I’m discovering that full time writing is an intensely stressful occupation. You get to enjoy everything that’s risky about being an entrepreneur and everything that’s risky about being an artist all at the same time. Screw up on the job as an employee, and you might get a stern talking to and a chance to make things right. Write a lousy book? Fail to prosecute an effective marketing campaign? Say something really stupid in public? Yeah, you’re pretty much done. Worse is the possibility that you could do everything right, write a dynamite novel, be a fascinating person who’s incredibly effective at marketing yourself and you *still* might fail, for having missed the zeitgeist, or falling a victim to industry forces over which you have absolutely no control. And your income depends on this, your quality of life.
So, yeah. Stressful.
And what’s the temptation when you’re stressed? To reach out for support. You call your friends and whine, and they tell you that everything will be all right, and you believe them long enough to get back to work. The Internet is particularly well suited for perpetuating this phenomenon. I see a lot of writers using social media as a giant virtual group therapy session. Go ahead, tweet or update your Facebook status to say you’re having a rough day. I’ll give you 30 seconds before you start getting sympathetic replies.
All to the good. Whatever keeps you on task when you’re frightened or tired or tired of being frightened or frighteningly tired.
But I’m starting to dispense with that. What I’m beginning to realize is that the discomfort is perennial. All remedies are short term. When you choose a life as uncertain as this one, it’s the flavor of the air. You don’t live in the ocean and curse the salt water. There’s a reason people work boring day jobs. That security, that sense of a net underneath you, is a very valuable commodity. People are willing to give up a lot for it.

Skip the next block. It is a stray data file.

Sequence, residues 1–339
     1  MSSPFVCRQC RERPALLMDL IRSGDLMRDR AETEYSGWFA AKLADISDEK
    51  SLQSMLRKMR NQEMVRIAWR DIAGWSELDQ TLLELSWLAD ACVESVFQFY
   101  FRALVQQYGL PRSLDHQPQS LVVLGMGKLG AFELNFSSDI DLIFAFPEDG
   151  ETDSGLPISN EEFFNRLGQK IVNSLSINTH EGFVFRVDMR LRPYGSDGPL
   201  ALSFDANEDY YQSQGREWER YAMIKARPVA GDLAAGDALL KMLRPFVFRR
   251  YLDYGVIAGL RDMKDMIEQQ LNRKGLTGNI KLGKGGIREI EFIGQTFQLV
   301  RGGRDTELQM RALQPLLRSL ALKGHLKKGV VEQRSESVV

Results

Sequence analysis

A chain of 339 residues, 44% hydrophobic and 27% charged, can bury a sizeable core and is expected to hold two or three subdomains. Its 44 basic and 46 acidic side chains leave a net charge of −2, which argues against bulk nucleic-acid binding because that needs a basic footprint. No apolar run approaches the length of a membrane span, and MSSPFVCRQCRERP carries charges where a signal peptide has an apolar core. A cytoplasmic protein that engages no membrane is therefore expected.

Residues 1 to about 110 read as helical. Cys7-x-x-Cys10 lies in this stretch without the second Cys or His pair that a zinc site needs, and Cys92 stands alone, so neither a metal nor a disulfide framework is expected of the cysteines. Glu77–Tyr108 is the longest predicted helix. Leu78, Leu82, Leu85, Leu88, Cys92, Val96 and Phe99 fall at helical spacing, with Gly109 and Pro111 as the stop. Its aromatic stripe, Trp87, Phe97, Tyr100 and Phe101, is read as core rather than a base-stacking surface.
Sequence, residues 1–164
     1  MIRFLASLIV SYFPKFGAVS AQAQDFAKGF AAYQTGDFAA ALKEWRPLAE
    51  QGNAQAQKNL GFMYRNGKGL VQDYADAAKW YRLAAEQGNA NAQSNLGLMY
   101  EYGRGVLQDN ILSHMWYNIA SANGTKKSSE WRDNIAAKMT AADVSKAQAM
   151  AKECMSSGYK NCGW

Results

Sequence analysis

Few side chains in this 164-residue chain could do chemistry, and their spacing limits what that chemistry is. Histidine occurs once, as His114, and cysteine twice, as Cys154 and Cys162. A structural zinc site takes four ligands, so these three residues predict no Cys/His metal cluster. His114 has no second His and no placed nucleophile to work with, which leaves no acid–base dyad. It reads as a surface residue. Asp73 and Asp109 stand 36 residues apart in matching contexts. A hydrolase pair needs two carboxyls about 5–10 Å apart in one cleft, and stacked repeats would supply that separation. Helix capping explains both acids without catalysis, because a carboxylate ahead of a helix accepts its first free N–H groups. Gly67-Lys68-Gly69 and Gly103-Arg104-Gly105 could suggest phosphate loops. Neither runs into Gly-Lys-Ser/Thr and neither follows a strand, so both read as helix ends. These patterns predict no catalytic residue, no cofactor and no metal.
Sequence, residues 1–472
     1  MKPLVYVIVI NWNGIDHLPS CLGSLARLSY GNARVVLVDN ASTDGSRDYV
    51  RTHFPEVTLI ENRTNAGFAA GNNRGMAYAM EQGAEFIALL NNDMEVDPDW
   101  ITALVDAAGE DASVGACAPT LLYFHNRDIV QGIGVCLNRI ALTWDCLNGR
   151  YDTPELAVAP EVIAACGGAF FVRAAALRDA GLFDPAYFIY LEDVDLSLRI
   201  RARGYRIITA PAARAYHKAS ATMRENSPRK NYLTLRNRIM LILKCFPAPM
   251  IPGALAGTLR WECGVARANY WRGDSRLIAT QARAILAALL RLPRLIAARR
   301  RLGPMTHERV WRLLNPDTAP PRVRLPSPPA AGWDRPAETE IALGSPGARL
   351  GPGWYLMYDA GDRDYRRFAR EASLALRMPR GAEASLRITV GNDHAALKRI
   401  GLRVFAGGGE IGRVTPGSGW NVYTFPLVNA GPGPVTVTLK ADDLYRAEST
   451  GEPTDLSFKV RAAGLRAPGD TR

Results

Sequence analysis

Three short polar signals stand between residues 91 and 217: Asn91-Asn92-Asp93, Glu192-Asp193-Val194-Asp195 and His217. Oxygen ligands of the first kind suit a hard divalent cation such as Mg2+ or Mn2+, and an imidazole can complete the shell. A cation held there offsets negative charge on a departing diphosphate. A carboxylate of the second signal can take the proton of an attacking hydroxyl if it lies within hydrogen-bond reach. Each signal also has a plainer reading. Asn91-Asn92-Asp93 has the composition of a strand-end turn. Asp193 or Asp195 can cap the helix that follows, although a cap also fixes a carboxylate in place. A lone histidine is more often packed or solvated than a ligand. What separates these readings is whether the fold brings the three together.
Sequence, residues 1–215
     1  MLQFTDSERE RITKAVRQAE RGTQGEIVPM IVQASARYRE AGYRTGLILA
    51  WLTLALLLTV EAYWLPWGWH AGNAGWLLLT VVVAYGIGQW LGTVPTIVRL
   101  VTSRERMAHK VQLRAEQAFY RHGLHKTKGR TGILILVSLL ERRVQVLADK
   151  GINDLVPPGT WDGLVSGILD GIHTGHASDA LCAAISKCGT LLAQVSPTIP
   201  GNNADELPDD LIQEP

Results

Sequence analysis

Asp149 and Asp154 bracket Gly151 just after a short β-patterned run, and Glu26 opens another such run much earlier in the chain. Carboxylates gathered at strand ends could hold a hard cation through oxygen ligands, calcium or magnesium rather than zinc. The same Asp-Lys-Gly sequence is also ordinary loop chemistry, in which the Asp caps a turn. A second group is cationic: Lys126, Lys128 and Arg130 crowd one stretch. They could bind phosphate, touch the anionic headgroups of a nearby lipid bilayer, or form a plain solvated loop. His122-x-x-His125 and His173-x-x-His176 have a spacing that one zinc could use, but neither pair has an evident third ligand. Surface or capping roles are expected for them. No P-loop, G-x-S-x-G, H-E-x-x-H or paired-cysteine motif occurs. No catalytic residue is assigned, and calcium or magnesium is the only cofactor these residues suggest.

The key for me, is coming to grips with the fact that there is no remedy. It is much the same as acclimatizing to life in a war zone. Once you accept that nothing can really protect you from indirect fire, you do a lot better in the midst of it. You stop running for the bunker or wasting your time chewing off your nails trying to understand the difference between blast phases and shrapnel scatter patterns. You finally make that cliched but absolutely accurate statement that “when it’s your time, it’s your time,” and you get about your business. It doesn’t completely mitigate the stress, but it helps.
Writing is much the same. I spend a lot of my time in a knot of anguish over whether or not my stuff is good enough, or whether it’ll fall on its face even if it *is* good enough. But I don’t think I’m alone in this. I’ll never forget the first time I heard a writer say that he felt like a fraud for being successful (it was James Patrick Kelly during a public radio interview). Since then, I’ve heard it dozens of times from the mouths of dozens of different pros. Enough anecdotes makes for a trend.
This is the new normal, and the only thing I can control is the work I do: how much and how well. I try to accept the stress for what it is, an environmental impact, like hot sand to armadillos or cold water to polar bears. I still reach out for support when things get unbearable, but I do it less and less, leaving my friends to their own devices.
I already know what they’ll say. I know they have faith in me. I know they love me. I know they wish me success. And I also know they can’t make the world safer or kinder or gentler for me. Success or failure is entirely on my shoulders, at least what little sliver of it I can control. So I focus on that.
Because, hey, when it’s your time, it’s your time.